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Peacocks no longer victims of evolution

Peacocks have long been considered the joke of evolution - their trains are glorious, but would get in the way if a leopard suddenly felt hungry. In many a biology class they have served as an example of natural selection favoring reproduction over an individual's survival.

A new study from the University of Leeds has changed our understanding of these birds.

"Intuitively you expect that the train would detrimentally affect flight performance," Dr Askew, one of the lead scientists, said in a press release. "These birds do not seem to be making quite the sacrifices to look attractive we thought they were. These results therefore have broader ramifications for evolutionary biology's understanding of sexual selection."

The train, which can stretch almost 5 feet (1.5 meters), grows during breeding season and then molts off. Considering that they have more than 150 feathers and that each feather weighs about 10.5 ounces (300 grams), it's hard to imagine how the train wouldn't have much of an impact on flight.

But when scientists studied videos of peacocks taking flight with and without the train, they found that peacocks' wing motions, power used to accelerate and center of mass...

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Egg-shaped burial pods feed the trees and turn cemeteries into forests

In another twist on green funerals and eco-friendly burials, two Italian designers envision a new way of paying it forward, even after death.

In the attempt to make cemeteries, funerals, and burials greener, many different ideas have been put forth over the last couple of decades, including one which can turn your loved ones into compost, but this concept goes a step further and envisions planting "sacred forests" with the bodies of the deceased serving as fertilizer.

The Capsula Mundi concept, from designers Anna Citelli and Raoul Bretzel, uses an egg-shaped burial pod made from biodegradable starch plastic as the coffin, in which the body is placed in a fetal position and buried under the ground. A tree (or tree seed) is then planted over the top of the pod, which will use the nutrients from the decomposing body as fertilizer for its growth.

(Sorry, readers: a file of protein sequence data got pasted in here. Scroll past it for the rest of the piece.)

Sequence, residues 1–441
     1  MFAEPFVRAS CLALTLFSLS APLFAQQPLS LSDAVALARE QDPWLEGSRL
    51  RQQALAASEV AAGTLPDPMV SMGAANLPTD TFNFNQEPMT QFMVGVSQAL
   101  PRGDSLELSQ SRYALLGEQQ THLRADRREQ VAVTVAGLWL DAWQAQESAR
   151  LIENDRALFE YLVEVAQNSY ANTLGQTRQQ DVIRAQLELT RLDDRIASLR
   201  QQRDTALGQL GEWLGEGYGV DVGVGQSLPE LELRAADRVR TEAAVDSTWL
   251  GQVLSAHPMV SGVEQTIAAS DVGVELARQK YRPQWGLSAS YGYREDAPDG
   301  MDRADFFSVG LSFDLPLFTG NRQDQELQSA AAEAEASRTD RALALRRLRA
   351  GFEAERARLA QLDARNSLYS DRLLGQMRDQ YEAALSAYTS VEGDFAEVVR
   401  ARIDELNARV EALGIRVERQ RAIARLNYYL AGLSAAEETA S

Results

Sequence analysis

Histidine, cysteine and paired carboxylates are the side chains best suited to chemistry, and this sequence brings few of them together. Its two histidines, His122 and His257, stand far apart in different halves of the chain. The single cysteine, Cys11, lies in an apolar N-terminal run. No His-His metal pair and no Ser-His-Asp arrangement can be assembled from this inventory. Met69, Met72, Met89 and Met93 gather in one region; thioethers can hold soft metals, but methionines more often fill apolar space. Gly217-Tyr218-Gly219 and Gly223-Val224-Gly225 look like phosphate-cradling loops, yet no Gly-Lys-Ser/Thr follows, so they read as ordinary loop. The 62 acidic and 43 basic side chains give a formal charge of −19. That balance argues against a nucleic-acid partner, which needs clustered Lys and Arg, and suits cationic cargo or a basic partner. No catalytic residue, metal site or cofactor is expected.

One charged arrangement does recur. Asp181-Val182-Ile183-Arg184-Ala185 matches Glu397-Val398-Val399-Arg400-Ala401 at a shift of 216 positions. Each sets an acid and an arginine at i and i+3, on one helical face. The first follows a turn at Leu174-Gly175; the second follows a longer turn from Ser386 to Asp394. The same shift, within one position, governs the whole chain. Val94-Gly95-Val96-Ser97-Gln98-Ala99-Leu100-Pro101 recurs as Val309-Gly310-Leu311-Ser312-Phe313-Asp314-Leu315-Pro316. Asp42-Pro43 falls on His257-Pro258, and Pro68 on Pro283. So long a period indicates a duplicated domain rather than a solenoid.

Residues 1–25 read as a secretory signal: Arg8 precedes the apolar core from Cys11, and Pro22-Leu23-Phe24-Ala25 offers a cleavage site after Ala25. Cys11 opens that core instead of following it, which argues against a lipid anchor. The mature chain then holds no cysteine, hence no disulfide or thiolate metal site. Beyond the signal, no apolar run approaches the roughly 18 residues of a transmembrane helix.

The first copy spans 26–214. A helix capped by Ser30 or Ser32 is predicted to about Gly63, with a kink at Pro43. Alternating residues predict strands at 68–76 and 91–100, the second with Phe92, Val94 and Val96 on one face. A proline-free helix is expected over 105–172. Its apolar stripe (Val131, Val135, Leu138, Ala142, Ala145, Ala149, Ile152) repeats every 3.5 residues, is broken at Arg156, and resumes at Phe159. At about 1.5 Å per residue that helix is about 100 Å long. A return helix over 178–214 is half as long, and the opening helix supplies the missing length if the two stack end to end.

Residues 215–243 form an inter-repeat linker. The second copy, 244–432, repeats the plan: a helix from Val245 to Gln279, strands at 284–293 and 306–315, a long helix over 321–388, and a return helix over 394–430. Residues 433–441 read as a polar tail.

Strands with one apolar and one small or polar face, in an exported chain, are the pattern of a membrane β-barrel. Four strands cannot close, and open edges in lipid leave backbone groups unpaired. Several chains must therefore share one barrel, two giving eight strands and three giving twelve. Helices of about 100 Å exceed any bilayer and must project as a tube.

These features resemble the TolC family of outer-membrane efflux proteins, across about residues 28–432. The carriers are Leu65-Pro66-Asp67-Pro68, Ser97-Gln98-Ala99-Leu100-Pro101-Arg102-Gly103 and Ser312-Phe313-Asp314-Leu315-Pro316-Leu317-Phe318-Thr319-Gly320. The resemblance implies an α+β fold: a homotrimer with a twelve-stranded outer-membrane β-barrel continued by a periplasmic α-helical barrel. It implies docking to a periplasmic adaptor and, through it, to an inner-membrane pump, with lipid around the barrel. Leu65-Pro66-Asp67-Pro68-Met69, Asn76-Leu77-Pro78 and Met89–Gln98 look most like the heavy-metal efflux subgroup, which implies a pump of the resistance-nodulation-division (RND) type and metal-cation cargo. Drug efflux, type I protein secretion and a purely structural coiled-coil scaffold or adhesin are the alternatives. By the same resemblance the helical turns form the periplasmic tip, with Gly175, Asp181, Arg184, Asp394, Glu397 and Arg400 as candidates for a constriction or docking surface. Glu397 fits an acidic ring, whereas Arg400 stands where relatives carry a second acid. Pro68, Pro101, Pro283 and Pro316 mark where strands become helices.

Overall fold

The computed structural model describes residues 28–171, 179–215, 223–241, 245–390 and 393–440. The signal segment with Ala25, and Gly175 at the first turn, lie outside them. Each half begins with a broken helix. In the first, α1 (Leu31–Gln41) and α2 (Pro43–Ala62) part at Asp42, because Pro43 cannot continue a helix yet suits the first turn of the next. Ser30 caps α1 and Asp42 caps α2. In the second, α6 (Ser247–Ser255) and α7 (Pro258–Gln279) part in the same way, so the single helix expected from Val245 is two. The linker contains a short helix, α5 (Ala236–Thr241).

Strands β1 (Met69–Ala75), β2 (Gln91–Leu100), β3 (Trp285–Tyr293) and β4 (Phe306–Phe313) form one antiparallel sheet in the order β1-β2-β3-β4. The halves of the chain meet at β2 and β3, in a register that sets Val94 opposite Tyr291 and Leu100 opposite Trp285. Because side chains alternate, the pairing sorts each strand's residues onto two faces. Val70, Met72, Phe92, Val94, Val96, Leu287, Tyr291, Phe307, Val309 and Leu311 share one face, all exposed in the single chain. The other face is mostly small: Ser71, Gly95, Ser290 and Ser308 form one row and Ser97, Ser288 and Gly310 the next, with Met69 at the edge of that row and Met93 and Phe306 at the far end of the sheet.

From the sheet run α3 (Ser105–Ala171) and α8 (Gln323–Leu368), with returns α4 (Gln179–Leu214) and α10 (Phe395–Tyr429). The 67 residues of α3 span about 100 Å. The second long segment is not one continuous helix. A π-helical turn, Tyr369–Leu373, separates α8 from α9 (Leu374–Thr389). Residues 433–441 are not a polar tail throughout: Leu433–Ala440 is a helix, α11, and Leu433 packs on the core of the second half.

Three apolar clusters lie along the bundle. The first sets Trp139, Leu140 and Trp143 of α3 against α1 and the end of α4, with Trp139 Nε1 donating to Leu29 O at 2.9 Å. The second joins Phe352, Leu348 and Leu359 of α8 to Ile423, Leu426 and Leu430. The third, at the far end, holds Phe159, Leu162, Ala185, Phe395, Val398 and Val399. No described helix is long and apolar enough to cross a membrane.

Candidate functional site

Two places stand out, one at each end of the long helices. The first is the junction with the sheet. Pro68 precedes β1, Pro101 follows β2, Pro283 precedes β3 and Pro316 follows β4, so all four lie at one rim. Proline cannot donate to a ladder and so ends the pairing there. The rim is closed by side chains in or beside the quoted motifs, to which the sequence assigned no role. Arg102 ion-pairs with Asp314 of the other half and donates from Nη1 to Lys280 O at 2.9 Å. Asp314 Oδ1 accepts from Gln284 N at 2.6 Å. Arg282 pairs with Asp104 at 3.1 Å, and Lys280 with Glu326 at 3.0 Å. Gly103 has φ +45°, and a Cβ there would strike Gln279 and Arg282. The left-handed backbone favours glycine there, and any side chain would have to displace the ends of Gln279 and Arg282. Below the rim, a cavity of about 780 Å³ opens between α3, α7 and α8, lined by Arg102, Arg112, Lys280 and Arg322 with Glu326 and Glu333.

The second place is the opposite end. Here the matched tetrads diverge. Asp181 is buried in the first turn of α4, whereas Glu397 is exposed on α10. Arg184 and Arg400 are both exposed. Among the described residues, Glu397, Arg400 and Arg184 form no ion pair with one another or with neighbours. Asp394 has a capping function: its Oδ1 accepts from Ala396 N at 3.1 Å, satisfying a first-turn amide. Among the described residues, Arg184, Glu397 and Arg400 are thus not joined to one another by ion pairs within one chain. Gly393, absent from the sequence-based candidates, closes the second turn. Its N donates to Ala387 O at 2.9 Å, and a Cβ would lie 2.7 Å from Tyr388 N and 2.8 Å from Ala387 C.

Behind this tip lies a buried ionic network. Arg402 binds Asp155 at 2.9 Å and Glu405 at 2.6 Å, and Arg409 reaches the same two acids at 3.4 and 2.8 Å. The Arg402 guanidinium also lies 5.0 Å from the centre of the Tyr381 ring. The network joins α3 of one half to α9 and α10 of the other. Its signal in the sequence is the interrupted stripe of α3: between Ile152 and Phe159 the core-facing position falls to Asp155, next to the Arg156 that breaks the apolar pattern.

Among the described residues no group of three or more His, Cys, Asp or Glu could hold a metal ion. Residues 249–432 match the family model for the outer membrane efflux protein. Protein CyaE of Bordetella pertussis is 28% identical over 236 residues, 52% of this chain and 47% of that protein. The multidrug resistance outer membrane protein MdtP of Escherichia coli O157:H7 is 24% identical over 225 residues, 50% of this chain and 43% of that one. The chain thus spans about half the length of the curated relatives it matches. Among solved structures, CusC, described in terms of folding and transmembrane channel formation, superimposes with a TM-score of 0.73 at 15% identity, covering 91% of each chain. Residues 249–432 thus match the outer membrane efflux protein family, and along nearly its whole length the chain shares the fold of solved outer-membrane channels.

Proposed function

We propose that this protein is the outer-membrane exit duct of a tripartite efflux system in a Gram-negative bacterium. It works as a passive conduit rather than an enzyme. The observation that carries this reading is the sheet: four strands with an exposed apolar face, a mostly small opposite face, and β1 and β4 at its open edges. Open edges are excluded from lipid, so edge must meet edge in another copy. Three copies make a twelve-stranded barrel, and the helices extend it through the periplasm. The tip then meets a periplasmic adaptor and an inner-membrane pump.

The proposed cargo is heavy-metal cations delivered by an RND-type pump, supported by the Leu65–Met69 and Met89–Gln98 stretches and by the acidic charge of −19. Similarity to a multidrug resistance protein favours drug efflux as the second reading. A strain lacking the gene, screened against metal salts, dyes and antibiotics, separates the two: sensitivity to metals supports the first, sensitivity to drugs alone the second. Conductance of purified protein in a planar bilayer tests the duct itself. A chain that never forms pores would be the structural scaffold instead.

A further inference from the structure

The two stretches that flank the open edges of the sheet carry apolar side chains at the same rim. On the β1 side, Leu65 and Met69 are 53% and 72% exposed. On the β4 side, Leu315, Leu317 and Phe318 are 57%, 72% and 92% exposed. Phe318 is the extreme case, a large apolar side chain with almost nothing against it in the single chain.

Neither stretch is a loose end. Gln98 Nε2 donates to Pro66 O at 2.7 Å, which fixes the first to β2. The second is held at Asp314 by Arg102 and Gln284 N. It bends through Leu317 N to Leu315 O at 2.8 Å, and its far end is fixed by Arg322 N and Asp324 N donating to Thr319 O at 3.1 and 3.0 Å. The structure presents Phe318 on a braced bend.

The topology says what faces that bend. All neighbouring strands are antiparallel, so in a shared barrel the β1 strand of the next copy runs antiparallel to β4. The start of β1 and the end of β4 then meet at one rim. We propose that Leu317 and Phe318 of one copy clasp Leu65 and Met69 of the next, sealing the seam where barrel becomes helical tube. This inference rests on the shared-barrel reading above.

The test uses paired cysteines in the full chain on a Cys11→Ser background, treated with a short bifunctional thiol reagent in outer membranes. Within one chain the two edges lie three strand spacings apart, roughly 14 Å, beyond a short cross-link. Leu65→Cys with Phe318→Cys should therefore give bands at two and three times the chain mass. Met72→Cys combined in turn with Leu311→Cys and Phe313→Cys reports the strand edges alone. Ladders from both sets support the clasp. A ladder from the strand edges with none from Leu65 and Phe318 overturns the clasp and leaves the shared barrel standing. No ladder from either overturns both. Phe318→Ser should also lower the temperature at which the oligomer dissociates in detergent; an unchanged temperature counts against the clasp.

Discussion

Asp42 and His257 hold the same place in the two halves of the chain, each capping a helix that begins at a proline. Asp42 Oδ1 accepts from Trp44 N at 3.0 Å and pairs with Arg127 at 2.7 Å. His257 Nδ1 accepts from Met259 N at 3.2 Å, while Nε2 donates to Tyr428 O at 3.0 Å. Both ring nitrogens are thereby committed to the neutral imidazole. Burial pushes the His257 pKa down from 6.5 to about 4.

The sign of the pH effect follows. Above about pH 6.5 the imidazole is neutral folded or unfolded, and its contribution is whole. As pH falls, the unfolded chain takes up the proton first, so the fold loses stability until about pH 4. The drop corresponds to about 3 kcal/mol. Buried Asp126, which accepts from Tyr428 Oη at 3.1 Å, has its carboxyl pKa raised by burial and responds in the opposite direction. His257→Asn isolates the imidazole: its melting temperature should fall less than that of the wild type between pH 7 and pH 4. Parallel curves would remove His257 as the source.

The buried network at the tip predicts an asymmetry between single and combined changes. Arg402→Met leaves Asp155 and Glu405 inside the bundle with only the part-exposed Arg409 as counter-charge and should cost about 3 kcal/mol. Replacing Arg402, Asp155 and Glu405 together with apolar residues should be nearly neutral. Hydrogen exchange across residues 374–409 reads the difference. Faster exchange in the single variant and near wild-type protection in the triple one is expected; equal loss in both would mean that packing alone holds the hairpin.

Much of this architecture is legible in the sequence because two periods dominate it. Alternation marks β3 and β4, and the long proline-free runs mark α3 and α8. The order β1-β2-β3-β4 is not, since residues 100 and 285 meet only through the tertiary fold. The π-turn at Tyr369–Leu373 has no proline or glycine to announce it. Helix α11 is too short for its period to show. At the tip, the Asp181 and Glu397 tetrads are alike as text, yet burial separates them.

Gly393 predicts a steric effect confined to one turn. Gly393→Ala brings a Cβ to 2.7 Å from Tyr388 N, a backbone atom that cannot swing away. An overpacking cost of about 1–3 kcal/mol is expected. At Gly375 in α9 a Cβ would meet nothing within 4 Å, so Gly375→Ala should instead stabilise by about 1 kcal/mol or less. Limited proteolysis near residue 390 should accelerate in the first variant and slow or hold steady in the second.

Although the Capsula Mundi is still a design concept, not an actual option for those planning for their funerals (in part because of regulations about burials and cemeteries), the designers hope that in the future, this type of burial will be allowed and "memory parks" full of trees will be planted. Instead of cemeteries full of...

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Wisconsin Passivhaus combines three movements: green building, tiny house and sustainable living

Sonya Newenhouse practices what she preaches; She founded Madison Environmental, a green consulting firm, and now is putting her name to use by building and selling the NewenHouse, described as "superinsulated, sustainable, small kit homes that are furnace free, even in cold climates." The first NewenHouse was built a few years ago and was certified Passivhaus, German style in 2011.

© Tafline Laylin

Tafline Laylin of Inhabitat toured the house recently and did a slideshow; it's nice to see so many interior shots of what looks like a very comfortable home. It should be, sitting in a tub of 12" of expanded polystyrene foam below grade and surrounded by 16" of cellulose insulation above.

© Newenhouse

Like so many Passivhaus designs, it is simple and boxy. As one reviewer noted, "There are many reasons for this. First, the “cube” nature maximizes the ratio of volume to surface area, creating the most space per square foot of wall (where heat is transferred.) Second, it maximizes construction efficiency, few corners means fewer dollars." It also has the classic big windows facing south to maximize passive solar gain. The polished concrete floor provides the thermal mass to store...

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